Asian shares started Tuesday softer as another day awaiting clearer news on the progress of U.S-China trade negotiations weighed on jaded investors' sentiment.
Asian shares started Tuesday softer as another day awaiting clearer news on the progress of U.S-China trade negotiations weighed on jaded investors’ sentiment. MSCI’s broadest index of Asia-Pacific shares outside Japan fell 0.1%. Japan’s Nikkei was 0.2% lower in early trade. Australia’s S&P/ASX 200 index was flat and trading volumes were light. E-Mini futures for the S&P 500 fell 0.05%, although that followed another record-high close on Wall St on Monday.
Overnight, CNBC reported the mood in Beijing was pessimistic about the prospects of sealing an agreement. On the other hand, a new extension allowing U.S. companies to continue doing business with Chinese telecoms giant Huawei Technologies Co Ltd suggested something of an olive branch, though neither morsel shed much light on progress in negotiations. “We’re still waiting,” said Michael McCarthy, chief market strategist at brokerage CMC Markets in Sydney.
“The longer we go on, the more concerns will arise. The reality is the clock is ticking…increasing uncertainty is adding to investor nervousness.” The next deadline in the dispute – which has harmed global growth – is Dec. 15, when another round of U.S. tariffs on Chinese good is scheduled to take effect. Optimism that an agreement could be struck before then is still holding, but it is beginning to run out of puff. Wall Street’s main indexes were mostly flat, looking for direction on trade, though they ended the day inching higher to record high closing levels.
The Dow Jones Industrial Average rose 31.33 points, or 0.1%, to 28,036.22. The S&P 500 gained 1.57 points, or 0.05%, to 3,122.03 and the Nasdaq Composite . added 9.11 points, or 0.1%, to 8,549.94. The pan-European STOXX 600 index closed down 0.01%, while the FTSEurofirst 300 index of leading regional shares fell 0.04%. The yield on benchmark 10-year Treasury notes fell overnight and steadied at 1.8152% in Asia.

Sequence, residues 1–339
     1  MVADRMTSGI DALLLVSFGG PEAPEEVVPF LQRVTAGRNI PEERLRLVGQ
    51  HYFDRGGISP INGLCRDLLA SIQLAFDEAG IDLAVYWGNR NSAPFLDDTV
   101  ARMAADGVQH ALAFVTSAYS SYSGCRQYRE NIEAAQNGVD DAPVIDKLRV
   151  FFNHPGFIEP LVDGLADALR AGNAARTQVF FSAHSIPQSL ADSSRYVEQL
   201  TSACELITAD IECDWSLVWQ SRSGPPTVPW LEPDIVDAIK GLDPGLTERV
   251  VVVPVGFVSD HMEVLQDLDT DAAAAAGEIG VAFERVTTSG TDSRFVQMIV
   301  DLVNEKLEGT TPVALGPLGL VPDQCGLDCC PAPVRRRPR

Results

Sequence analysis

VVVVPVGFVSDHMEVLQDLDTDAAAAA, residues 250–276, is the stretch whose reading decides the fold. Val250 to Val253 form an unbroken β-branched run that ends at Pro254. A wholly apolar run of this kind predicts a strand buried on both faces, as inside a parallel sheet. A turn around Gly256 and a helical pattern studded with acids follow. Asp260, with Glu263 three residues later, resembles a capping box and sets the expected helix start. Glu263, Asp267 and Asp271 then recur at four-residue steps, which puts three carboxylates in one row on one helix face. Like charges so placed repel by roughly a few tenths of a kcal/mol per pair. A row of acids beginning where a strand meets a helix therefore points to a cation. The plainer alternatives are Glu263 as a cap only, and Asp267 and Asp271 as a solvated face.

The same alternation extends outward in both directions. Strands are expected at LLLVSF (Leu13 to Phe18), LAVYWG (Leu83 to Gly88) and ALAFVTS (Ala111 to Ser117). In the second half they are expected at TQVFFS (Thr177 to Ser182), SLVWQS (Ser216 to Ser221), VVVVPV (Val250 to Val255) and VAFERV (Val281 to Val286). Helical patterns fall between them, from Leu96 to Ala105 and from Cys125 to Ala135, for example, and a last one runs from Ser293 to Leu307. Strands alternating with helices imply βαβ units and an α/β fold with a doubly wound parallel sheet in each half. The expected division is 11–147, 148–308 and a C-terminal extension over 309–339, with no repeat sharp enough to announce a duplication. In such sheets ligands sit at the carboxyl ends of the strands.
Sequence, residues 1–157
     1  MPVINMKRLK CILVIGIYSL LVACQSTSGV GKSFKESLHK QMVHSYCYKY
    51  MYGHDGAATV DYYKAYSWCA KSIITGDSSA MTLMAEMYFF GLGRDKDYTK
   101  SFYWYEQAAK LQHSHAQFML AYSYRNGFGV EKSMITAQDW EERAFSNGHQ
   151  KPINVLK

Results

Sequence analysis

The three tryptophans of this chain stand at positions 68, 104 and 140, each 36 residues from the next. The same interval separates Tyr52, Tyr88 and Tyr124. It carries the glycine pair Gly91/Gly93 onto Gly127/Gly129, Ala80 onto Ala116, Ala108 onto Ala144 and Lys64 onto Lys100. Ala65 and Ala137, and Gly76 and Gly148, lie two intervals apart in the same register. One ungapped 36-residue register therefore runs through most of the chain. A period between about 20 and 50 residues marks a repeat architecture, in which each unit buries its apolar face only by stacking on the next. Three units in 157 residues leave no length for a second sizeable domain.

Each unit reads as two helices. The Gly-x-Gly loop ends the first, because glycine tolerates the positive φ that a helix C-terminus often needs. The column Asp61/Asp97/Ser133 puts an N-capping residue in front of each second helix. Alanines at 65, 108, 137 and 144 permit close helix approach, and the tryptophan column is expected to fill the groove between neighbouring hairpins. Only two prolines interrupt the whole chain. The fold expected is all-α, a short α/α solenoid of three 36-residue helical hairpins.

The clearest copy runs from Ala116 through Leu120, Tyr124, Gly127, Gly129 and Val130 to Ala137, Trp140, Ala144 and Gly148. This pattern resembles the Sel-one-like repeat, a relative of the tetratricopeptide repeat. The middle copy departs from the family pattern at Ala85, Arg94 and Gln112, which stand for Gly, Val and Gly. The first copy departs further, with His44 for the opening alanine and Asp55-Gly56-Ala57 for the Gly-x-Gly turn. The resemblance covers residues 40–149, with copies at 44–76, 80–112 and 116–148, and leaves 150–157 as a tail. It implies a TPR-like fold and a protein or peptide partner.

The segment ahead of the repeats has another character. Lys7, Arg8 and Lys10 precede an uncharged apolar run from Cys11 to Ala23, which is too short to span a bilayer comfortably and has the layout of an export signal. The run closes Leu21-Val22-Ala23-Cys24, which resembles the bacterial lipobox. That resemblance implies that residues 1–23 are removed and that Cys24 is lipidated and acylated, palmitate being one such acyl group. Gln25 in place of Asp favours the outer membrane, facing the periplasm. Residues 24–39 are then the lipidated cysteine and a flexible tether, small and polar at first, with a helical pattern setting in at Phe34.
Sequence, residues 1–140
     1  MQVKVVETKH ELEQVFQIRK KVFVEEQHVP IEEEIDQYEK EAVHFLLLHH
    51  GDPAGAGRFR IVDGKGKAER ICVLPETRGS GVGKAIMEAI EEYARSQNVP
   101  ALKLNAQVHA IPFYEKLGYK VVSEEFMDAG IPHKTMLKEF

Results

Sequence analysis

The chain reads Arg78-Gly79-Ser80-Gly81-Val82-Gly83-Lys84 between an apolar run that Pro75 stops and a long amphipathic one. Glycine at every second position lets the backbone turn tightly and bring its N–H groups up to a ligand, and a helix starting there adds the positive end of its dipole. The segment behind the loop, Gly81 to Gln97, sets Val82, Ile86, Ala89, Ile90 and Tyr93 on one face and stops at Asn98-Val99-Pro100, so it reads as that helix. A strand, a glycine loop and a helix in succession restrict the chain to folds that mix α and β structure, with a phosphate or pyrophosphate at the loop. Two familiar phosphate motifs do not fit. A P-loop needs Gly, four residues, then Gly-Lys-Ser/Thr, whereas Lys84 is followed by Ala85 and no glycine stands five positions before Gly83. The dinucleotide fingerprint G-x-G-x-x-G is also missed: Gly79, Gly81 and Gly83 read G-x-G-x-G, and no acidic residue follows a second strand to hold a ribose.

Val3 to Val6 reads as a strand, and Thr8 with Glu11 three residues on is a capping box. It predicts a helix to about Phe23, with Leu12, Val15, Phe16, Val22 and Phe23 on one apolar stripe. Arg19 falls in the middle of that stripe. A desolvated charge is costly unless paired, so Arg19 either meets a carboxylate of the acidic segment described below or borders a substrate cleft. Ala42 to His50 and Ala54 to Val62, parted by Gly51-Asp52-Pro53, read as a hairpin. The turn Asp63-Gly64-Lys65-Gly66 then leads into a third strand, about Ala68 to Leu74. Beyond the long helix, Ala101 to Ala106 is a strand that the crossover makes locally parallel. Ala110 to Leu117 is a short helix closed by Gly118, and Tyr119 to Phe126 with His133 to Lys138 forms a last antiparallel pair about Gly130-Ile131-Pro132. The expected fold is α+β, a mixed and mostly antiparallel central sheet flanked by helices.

Currency markets were becalmed and trading was light. Uncertainty on the trade front dented the dollar a little bit overnight, though most currencies kept to tight ranges awaiting more concrete news. The greenback was steady against the Japanese yen in early trade at 108.67 yen and a touch stronger against the Australian and New Zealand dollars at $0.6805 and $0.6394 respectively.
The biggest mover overnight was the British pound which headed towards $1.30 as four polls showed Prime Minister Boris Johnson’s Conservative Party tracking toward victory at the Dec. 12 election. Sterling hit a one-month high of $1.2984 overnight, before retreating a little in early Asian trade to settle around $1.2950. Market attention will be focused on the release of minutes from the Reserve Bank of Australia’s November meeting at 0030 GMT, which will be scoured for signals as to whether the central bank will cut rates below an already record low 0.75%.
“The minutes are likely to show that the board members are wary of the downside of lowering interest rates further,” said Joe Capurso, FX analyst at Commonwealth Bank in Sydney. “If you get that issue pop up again in the minutes, the Aussie could rise…It’d make the hurdle for a rate cut higher.” Spot gold, which has been closely tracking the fortunes of the Sino-U.S. trade dispute was flat at $1,470.30 per ounce. Brent crude futures fell 1.6% to $62.29 a barrel while U.S. West Texas Intermediate (WTI) crude lost 0.23% to $56.92 per barrel.